I dry-fire mine before storing them, but it's probably more of a "We did it that way in the military" thing than anything else.
The firing pin/striker spring in a Glock is only partially compressed during cocking; your finger and the trigger complete the compression stroke just prior to firing, so the spring is not fully compressed while at rest (unlike some other gun designs).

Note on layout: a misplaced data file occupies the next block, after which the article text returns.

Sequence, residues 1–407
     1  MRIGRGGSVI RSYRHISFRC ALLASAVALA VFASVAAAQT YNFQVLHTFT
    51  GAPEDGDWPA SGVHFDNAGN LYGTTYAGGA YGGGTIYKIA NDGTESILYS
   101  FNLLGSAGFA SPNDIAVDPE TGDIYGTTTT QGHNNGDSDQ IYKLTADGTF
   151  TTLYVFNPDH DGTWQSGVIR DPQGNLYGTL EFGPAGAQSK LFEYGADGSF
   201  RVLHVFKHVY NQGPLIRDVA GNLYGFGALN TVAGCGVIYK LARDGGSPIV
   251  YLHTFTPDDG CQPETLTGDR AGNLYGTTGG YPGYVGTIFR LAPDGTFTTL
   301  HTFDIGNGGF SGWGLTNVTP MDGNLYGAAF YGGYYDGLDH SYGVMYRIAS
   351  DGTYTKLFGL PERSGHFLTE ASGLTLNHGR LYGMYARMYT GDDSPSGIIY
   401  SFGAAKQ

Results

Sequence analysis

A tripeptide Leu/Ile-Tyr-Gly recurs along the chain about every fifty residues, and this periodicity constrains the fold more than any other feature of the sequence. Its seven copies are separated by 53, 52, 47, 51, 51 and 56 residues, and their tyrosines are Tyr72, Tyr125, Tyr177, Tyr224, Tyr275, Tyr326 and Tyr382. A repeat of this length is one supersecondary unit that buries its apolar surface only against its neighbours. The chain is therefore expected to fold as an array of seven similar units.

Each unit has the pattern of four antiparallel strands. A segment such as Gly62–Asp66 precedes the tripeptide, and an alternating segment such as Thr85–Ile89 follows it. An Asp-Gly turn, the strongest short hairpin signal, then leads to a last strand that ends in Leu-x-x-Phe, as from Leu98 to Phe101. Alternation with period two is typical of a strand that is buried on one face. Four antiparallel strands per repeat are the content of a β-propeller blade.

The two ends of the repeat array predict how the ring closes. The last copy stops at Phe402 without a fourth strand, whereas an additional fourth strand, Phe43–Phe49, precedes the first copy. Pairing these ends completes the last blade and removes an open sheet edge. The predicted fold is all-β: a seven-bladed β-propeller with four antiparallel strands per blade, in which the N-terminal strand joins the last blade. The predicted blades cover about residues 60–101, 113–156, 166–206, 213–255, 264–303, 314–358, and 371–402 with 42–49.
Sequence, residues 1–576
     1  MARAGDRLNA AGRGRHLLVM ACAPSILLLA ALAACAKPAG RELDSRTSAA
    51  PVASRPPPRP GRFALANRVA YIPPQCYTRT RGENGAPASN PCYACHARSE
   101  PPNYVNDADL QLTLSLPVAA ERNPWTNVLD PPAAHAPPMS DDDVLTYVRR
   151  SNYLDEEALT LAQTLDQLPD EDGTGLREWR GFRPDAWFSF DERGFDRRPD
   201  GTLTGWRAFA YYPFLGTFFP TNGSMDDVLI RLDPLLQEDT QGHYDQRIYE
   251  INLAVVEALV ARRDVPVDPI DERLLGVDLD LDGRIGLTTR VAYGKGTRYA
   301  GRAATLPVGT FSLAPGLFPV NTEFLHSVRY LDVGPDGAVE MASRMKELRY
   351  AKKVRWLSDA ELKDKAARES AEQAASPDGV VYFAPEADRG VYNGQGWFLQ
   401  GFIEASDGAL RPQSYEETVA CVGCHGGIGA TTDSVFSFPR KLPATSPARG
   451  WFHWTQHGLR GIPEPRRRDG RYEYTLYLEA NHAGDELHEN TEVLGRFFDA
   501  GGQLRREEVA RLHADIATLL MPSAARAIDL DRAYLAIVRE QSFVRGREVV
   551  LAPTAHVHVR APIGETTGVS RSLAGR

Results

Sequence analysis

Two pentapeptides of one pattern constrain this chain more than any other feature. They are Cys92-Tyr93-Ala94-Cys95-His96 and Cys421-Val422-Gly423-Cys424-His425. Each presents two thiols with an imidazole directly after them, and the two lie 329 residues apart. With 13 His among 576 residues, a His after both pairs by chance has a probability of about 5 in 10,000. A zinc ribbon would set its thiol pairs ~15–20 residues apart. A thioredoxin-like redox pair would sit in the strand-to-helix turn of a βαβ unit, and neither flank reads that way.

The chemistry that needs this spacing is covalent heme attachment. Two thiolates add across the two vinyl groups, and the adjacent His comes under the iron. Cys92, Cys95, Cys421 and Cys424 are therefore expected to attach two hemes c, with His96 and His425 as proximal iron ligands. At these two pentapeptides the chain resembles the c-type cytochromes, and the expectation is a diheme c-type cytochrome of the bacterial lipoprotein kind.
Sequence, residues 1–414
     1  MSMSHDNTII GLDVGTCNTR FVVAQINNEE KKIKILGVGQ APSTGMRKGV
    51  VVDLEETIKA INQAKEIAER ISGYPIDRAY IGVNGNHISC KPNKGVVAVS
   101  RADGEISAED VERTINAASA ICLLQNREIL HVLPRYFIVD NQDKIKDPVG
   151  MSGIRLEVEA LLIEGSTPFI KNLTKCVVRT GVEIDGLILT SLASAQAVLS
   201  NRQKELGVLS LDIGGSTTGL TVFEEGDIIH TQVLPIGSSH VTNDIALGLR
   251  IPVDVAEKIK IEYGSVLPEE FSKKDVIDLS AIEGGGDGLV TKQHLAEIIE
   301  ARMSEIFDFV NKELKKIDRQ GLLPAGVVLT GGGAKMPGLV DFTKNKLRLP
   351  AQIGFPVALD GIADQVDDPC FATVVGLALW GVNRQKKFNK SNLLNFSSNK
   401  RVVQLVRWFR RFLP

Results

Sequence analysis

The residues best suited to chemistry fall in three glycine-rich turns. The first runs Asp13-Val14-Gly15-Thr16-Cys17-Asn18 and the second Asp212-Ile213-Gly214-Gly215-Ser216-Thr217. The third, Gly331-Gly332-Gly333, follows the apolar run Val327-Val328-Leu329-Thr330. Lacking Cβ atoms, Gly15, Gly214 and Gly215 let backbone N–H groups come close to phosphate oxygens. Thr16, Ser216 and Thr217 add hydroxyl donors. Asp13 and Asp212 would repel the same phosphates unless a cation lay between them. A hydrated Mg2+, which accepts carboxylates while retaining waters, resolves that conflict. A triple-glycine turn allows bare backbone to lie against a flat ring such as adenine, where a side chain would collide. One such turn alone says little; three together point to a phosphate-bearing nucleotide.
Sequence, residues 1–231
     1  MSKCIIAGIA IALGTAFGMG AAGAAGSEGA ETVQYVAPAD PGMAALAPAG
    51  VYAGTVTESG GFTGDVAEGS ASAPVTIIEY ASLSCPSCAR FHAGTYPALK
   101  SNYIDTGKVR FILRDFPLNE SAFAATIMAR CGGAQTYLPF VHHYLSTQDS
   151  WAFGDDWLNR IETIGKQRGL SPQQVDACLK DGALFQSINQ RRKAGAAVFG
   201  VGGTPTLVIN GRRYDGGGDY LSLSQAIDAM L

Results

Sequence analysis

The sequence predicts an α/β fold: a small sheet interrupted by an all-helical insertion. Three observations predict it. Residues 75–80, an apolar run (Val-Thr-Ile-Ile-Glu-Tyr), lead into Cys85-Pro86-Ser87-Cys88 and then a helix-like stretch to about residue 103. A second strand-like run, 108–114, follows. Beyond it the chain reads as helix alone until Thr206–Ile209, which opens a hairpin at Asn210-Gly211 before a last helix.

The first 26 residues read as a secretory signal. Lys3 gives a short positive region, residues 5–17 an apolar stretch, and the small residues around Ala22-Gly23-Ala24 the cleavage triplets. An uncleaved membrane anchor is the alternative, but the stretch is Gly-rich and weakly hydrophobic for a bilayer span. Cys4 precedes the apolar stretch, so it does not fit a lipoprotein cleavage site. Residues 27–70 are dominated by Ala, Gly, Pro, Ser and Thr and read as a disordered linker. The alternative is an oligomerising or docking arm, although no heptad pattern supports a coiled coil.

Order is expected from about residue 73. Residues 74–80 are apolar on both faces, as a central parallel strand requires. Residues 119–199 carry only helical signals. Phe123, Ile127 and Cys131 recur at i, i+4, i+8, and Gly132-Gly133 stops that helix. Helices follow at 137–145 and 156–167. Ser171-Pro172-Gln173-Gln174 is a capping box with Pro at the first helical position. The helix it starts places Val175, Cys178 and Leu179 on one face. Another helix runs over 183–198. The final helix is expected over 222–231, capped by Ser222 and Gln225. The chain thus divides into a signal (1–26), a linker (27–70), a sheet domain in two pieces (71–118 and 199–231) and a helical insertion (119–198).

If you're going to dry-fire, I recommend having an extra-safe direction to do it. Always practice and remember basic safety rules, and keep in mind the two worst noises a handgun shooter will ever hear:
- A "Click" when they expect a "Bang" (in defensive use)
- A "Bang" when they expect a "Click" (during so-called dry-fire)